Financial Technology, or FinTech, has gained significant traction in recent years, especially as digital transformation becomes a core priority for effective business development within financial institutions. According to Accenture, the global FinTech sector has attracted more than $50 billion in investment since 2010. Indeed, many developed countries around the world are emerging as start-up hubs, thanks to the support of government entities, local venture capitals and flexible funding schemes. These combined efforts are encouraging many entrepreneurs to start their business and join the FinTech community.
Today, major players in the field understand the implications that FinTech may have on their business and are keen to invest in innovative ideas and solutions, whether it is reshaping fundraising practices through offering alternative platforms for commercial and personal lending or enhancing customer experience and day-to-day operations. Thus, Dubai International Financial Centre (DIFC), the leading financial hub in Middle East, Africa and South Asia (MEASA) region, is playing an integral role in the development of the FinTech space in the region through initiatives such as FinTech Hive. Established in 2017, the first-of-its-kind accelerator programme in the region looks to connect cutting-edge technology firms from around the world with key regional financial institutions.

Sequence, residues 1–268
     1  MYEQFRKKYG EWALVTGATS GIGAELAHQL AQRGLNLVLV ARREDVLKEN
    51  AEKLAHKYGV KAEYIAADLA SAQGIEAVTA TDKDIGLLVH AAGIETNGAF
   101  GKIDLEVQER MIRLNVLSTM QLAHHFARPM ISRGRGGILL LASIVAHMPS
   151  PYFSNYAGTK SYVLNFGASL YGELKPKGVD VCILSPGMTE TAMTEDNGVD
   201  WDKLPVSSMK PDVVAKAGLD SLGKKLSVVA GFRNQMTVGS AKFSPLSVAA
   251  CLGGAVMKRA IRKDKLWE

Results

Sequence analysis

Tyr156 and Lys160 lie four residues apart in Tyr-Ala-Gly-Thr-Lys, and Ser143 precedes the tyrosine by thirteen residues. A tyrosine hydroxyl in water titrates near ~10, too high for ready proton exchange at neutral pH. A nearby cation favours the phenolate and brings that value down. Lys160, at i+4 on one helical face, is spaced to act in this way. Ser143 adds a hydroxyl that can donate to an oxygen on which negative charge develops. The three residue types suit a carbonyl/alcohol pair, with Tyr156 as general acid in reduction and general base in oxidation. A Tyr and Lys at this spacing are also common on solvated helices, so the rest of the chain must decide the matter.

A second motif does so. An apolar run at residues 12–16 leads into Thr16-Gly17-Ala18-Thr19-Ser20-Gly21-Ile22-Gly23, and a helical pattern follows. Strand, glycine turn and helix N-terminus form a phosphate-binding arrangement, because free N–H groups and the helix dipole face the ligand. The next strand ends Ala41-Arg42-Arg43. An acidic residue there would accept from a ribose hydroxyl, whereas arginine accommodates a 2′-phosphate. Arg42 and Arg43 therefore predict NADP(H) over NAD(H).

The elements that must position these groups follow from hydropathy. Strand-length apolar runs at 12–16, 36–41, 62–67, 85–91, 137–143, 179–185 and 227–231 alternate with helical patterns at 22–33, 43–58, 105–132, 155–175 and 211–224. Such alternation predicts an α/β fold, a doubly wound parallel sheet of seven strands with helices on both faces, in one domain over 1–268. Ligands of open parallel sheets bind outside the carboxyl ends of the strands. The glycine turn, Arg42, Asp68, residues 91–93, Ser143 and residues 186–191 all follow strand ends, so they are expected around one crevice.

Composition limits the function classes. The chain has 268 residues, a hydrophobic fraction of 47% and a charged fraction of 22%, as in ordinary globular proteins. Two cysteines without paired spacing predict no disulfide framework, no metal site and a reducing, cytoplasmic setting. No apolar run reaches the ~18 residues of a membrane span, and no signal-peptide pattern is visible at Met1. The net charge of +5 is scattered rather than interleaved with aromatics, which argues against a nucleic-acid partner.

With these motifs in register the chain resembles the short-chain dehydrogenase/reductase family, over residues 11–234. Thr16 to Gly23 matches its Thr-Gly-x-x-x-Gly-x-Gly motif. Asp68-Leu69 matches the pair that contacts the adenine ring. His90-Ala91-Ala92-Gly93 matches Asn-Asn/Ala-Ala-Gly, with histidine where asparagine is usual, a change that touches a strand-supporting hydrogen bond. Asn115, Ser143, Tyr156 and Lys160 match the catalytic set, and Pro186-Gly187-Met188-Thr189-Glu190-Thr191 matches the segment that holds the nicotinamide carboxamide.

Although still relatively nascent, the FinTech ecosystem in the Middle East and North Africa (MENA) is growing rapidly and will be worth $2.5 billion by 2022, according to Mena Research Partners. With a population of over 350 million, a GDP of 2.5 trillion, a young demographic and high smartphone penetration, the region holds immense, untapped opportunity and potential for entrepreneurs looking to transform and dictate the future of finance. Mobile penetration in the Middle East is currently at the rate of 80–90%, and this is forecast to hit 100% by 2020. Yet, an astounding 86% of adults do not have a bank account, according to research by Wamda and Payfort.